# How do you simplify tanA - cscA secA (1 - 2cos^2 A)?

##### 1 Answer
Nov 13, 2015

Start by putting all of the terms into sine and cosine. This will make it easier to spot identities and see what might cancel out.

$\sin \frac{A}{\cos} A - \frac{1}{\sin} A \frac{1}{\cos} A \left(1 - 2 {\cos}^{2} A\right)$

Multiply through the parenthesis..

$\sin \frac{A}{\cos} A - \frac{1}{\sin A \cos A} + \frac{2 {\cos}^{2} A}{\sin A \cos A}$

Now we should find a common denominator. If we multiply the top and bottom of the tangent term by $\sin A$, we get a denominator of $\sin A \cos A$.

${\sin}^{2} \frac{A}{\sin A \cos A} - \frac{1}{\sin A \cos A} + \frac{2 {\cos}^{2} A}{\sin A \cos A}$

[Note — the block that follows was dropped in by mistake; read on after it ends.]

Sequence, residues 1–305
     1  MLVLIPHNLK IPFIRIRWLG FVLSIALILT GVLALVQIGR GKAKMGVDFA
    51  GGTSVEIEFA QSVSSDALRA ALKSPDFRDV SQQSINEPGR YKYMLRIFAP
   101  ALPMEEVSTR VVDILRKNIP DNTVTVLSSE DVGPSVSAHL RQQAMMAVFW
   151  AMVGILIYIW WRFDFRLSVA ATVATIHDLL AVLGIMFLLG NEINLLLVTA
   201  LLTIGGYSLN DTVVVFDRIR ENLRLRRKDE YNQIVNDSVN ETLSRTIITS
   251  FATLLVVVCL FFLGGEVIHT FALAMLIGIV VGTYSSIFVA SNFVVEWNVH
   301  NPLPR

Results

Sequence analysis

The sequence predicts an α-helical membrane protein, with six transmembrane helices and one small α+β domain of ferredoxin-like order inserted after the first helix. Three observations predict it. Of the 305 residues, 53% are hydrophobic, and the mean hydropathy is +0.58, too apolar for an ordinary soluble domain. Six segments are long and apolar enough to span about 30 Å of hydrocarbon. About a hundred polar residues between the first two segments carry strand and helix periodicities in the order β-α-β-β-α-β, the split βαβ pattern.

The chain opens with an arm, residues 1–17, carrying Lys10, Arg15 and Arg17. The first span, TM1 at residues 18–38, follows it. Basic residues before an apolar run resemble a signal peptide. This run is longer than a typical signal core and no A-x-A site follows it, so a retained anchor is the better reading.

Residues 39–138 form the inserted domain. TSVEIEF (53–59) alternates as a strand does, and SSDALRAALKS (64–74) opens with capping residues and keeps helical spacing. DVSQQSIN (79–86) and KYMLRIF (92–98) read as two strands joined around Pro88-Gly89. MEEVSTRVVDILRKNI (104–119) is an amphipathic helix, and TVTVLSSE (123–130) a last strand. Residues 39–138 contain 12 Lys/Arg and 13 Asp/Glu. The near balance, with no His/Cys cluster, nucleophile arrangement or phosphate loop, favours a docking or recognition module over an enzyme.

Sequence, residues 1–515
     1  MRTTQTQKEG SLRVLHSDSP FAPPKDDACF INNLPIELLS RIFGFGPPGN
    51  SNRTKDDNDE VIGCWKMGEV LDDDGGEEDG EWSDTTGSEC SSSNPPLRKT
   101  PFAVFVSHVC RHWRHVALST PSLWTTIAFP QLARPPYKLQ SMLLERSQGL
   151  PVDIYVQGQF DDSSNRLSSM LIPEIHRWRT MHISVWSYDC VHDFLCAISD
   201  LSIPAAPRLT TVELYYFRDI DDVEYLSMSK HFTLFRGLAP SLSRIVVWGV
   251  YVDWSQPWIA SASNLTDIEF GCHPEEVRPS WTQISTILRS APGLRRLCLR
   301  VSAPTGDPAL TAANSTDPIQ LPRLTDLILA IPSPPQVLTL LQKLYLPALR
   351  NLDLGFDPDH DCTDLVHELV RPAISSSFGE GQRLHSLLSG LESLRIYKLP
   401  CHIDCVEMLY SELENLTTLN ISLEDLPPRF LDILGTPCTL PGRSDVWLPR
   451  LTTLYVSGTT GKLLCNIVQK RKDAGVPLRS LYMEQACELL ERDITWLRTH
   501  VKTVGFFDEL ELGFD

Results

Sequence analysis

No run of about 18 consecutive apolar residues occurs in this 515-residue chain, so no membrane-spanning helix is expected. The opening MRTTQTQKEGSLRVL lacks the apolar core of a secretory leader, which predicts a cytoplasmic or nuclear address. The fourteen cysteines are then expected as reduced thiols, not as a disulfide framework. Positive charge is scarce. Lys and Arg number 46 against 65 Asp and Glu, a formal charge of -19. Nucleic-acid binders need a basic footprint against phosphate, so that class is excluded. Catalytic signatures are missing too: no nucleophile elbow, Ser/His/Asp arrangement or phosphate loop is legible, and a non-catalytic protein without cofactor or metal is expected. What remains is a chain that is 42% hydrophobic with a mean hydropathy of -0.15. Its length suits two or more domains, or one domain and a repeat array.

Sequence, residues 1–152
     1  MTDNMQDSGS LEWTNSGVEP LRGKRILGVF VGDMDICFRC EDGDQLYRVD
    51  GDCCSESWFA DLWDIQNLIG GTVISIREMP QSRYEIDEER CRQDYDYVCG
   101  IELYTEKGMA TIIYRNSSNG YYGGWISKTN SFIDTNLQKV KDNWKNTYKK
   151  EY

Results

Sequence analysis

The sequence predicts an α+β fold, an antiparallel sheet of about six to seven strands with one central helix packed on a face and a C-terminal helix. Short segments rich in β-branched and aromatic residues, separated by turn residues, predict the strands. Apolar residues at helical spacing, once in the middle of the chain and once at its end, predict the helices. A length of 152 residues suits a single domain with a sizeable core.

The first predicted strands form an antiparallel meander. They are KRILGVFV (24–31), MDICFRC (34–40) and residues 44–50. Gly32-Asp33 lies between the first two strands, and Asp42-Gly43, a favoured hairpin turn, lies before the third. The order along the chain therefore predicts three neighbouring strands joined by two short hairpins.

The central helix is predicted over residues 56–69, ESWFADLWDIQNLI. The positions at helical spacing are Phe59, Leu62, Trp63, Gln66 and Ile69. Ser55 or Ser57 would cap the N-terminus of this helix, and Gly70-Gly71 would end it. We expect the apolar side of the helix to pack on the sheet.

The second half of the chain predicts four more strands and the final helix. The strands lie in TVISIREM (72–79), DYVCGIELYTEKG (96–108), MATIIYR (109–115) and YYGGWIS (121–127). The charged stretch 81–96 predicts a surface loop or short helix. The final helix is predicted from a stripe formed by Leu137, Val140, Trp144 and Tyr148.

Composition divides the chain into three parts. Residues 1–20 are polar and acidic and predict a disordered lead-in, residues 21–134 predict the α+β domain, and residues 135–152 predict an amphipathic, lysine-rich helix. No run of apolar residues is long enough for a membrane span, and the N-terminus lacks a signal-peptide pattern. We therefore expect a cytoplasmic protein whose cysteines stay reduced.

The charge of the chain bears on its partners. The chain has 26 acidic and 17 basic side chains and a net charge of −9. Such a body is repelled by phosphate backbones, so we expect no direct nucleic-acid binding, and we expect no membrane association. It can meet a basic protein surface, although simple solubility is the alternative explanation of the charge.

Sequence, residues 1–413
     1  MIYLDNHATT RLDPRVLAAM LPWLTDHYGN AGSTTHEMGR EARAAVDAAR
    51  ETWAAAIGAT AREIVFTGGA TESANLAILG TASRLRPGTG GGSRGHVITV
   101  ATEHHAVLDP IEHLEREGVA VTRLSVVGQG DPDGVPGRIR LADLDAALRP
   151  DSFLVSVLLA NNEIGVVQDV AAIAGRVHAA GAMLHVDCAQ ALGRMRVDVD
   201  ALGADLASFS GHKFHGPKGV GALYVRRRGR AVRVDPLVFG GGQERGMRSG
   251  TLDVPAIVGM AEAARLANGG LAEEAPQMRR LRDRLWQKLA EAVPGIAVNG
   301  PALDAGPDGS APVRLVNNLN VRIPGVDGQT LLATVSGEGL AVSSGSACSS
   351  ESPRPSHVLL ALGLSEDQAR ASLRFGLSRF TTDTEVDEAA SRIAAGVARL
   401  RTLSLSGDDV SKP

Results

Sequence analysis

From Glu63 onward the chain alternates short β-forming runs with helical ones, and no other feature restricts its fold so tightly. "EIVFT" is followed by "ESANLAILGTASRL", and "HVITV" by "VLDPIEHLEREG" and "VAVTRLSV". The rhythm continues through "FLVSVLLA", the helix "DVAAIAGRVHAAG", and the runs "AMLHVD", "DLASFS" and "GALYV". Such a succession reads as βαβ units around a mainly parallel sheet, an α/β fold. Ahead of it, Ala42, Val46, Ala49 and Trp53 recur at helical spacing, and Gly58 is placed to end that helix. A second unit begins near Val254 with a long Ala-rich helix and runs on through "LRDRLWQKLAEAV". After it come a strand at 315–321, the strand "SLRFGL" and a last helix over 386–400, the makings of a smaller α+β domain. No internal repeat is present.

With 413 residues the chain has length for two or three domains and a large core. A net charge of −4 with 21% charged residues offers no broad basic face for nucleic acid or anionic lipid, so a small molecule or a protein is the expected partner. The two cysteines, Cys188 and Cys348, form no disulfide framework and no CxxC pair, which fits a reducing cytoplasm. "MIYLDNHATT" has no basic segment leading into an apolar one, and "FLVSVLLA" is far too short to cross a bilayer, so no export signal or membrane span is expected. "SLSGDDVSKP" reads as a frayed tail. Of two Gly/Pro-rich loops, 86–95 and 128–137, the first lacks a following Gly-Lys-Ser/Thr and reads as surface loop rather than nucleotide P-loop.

Combine the numerators.

$\frac{{\sin}^{2} A - 1 + 2 {\cos}^{2} A}{\sin A \cos A}$

Now we split the $2 \cos A$ term into $\cos A + \cos A$. I rearranged a little to make the next step more aparent.

$\frac{{\sin}^{2} A + {\cos}^{2} A + {\cos}^{2} A - 1}{\sin A \cos A}$

The Pythagorean theorem states that;

${\sin}^{2} A + {\cos}^{2} A = 1$

Making this substitution into the numerator we get.

$\frac{1 + {\cos}^{2} A - 1}{\sin A \cos A}$

The $1$s cancel out leaving;

${\cos}^{2} \frac{A}{\sin A \cos A}$

The bottom $\cos A$ cancels one from the top, leaving;

$\cos \frac{A}{\sin} A$

This is the identity for;

$\cot A$